“I just need three more days!” Rich used to protest at the end of every two-week vacation from corporate life. We once managed a month in Asia, and the final week, sitting in café overlooking a bus station in India, he said, “I could definitely keep on going.” And after last year’s three-month train trip through Central and Eastern Europe, he turned to me and said, “What about a year on the road?”
It was a huge idea. Scary. Exciting. Dizzying.
Lots of us have fantasized, in an idle sort of way, about taking off around the world. But what would it be like, really? What advice would long-term travelers give to those of us who might someday follow in their road-worn shoes? I found they had some surprising insights, especially concerning popular myths and misconceptions about life on the move.
Myth #1: The world is a scary place.
“Most places are as safe (or safer) than home,” says Clayton B. Cornell, the Spartan Traveler, who has been on the road since 2011. “The only place I’ve ever been violently mugged was in my home city of San Francisco.” He has a point; here in Seville, I feel safe walking by myself at night, something I would never do in an American city. Of course, every place has its ruffians and scoundrels, ready to exploit true idiocy – like a priest I knew who insisted on wearing flashy gold jewelry on Mexican buses until (surprise!) he was robbed. The key is to use a little common sense – and those security gadgets Rich loves.
Myth #2: It costs a ton of money to travel.
Sure, you can splurge on glitzy hotels and champagne that costs more than your car, but you don’t have to. “How to Travel the World for $1.94 per Day” reveals the thrifty habits that have enabled Wandering Earl to stay on the road since 1999. Michelle and Tim of The Travel Year, who spent $26,382 (19,409€ or £15,794) during their 16-month journey, published their itemized budget so we can see how it’s done. Forbes lays out more details in How I Saved Enough to Travel the World for Five Years.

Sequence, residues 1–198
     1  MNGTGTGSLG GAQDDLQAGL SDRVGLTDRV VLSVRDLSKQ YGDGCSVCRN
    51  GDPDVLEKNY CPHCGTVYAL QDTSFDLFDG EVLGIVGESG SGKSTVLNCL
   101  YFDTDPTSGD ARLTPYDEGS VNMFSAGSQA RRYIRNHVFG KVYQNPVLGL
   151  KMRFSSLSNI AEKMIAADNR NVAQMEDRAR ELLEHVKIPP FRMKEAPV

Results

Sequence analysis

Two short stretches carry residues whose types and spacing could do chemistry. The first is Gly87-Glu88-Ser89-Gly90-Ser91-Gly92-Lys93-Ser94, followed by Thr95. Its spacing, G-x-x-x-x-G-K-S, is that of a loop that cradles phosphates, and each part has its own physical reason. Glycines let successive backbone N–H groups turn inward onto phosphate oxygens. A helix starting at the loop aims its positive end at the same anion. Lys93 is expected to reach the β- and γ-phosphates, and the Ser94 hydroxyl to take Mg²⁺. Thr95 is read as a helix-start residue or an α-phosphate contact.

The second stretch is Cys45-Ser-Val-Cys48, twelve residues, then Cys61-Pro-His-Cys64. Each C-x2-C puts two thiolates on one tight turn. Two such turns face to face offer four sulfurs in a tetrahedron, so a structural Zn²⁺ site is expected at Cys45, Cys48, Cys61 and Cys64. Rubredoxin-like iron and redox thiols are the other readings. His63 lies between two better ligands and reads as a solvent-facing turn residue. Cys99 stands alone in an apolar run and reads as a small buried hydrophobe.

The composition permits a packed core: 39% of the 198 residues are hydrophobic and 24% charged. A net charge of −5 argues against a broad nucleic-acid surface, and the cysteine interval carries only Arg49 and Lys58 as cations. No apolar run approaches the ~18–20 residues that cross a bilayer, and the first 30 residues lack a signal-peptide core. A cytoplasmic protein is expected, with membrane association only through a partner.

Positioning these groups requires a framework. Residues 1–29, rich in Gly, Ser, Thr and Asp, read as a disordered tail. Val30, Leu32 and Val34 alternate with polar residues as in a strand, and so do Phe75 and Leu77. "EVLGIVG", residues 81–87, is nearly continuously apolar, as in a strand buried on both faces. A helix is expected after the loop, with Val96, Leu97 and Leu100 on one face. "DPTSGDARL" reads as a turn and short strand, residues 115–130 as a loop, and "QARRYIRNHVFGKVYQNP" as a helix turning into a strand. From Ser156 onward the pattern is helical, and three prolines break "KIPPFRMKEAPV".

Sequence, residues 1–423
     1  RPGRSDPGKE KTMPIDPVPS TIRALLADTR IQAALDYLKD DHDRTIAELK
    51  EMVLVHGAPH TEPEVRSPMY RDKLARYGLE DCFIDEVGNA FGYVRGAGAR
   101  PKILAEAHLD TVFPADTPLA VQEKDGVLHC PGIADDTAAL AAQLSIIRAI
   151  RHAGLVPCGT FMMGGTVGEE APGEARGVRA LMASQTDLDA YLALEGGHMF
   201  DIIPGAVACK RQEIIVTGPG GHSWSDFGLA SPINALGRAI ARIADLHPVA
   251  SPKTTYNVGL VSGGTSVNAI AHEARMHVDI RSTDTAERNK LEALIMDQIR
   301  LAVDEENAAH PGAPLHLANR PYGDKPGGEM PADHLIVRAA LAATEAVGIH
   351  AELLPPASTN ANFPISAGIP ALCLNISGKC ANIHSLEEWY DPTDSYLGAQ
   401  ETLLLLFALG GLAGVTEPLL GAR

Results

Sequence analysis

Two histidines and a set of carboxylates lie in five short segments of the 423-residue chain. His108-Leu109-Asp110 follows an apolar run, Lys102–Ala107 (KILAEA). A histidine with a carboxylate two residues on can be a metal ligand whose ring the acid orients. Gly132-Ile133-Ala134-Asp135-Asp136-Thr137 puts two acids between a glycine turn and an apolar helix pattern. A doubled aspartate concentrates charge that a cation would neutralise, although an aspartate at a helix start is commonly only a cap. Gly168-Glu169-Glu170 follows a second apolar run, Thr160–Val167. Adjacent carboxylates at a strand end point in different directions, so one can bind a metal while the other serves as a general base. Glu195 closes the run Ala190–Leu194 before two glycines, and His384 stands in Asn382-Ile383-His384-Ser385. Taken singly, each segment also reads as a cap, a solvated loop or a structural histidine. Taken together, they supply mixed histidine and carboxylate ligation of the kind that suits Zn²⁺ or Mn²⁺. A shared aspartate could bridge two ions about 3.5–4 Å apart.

Myth #3: Planning, preparation, packing ... I’ll never get out the door.
Sure you will. The key is doing less: less packing, less research, and no advance reservations; they make it impossible to linger in places you love and expensive to leave those you don’t. ”I read enough to give myself ideas but not so much that I give myself answers,” says Vagabonding’s Rolf Potts. “Pack everything you think you need . . . Then take out half of it!” advise Hannah and Adam of Getting Stamped, who have logged more than 330 travel days together. Easier said than done, I know, but last year I lived for three months out of a suitcase that was just 54 x 34 x 19 cm (21 x 13 x 7.5 inches) and weighed just 10.3 kilos (22.7 pounds). So it is possible!
Myth #4. I have to see everything or the trip’s a failure.
“We tend to vacation the same way we live: at warp speed with emphasis on performance and ‘box checking,’” says Jennifer Miller of BootsnAll. “Travel should not be about filling in that world map tattoo on your shoulder.”
Myth #5. A year on the road will be enough.
“It has been an amazing year – the best year of our lives – and we’ve learnt so much about each other, ourselves and the world that I don’t think we’ll ever go back to the lives we were living before,” say Dave and Carmen of Double-Barrelled Travel. Or as the Spartan Traveler puts it, “Traveling doesn’t get ‘traveling’ out of your system.” I’m sure he’s right. If Rich and I ever do decide to spend and entire year on the road, I know that at the end of it, Rich will turn to me, and say, “Out there is another adventure. Let’s go.”
But enough about us. Would you ever consider spending a year traveling the world?
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I'm an American travel writer based in Spain, to which I've just returned after a 16-month absence due to the pandemic.
As I resettle in Seville, my favorite city on the planet, I'll keep you posted on how the pandemic has reshaped the landscape and where to go to find fun, adventure, and great food in this quirky, engaging city.
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